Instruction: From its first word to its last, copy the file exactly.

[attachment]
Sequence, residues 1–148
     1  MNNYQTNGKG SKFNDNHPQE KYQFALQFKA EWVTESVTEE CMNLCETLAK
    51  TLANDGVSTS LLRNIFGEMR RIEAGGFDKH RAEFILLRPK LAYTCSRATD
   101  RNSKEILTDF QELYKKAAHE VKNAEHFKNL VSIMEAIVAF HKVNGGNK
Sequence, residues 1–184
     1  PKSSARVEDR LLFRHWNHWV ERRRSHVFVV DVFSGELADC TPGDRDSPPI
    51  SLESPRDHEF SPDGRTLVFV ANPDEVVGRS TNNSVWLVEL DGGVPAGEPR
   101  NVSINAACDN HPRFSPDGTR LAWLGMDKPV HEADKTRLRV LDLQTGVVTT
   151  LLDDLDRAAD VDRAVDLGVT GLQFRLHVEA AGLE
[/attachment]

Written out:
Sequence, residues 1–148
     1  MNNYQTNGKG SKFNDNHPQE KYQFALQFKA EWVTESVTEE CMNLCETLAK
    51  TLANDGVSTS LLRNIFGEMR RIEAGGFDKH RAEFILLRPK LAYTCSRATD
   101  RNSKEILTDF QELYKKAAHE VKNAEHFKNL VSIMEAIVAF HKVNGGNK
Sequence, residues 1–184
     1  PKSSARVEDR LLFRHWNHWV ERRRSHVFVV DVFSGELADC TPGDRDSPPI
    51  SLESPRDHEF SPDGRTLVFV ANPDEVVGRS TNNSVWLVEL DGGVPAGEPR
   101  NVSINAACDN HPRFSPDGTR LAWLGMDKPV HEADKTRLRV LDLQTGVVTT
   151  LLDDLDRAAD VDRAVDLGVT GLQFRLHVEA AGLE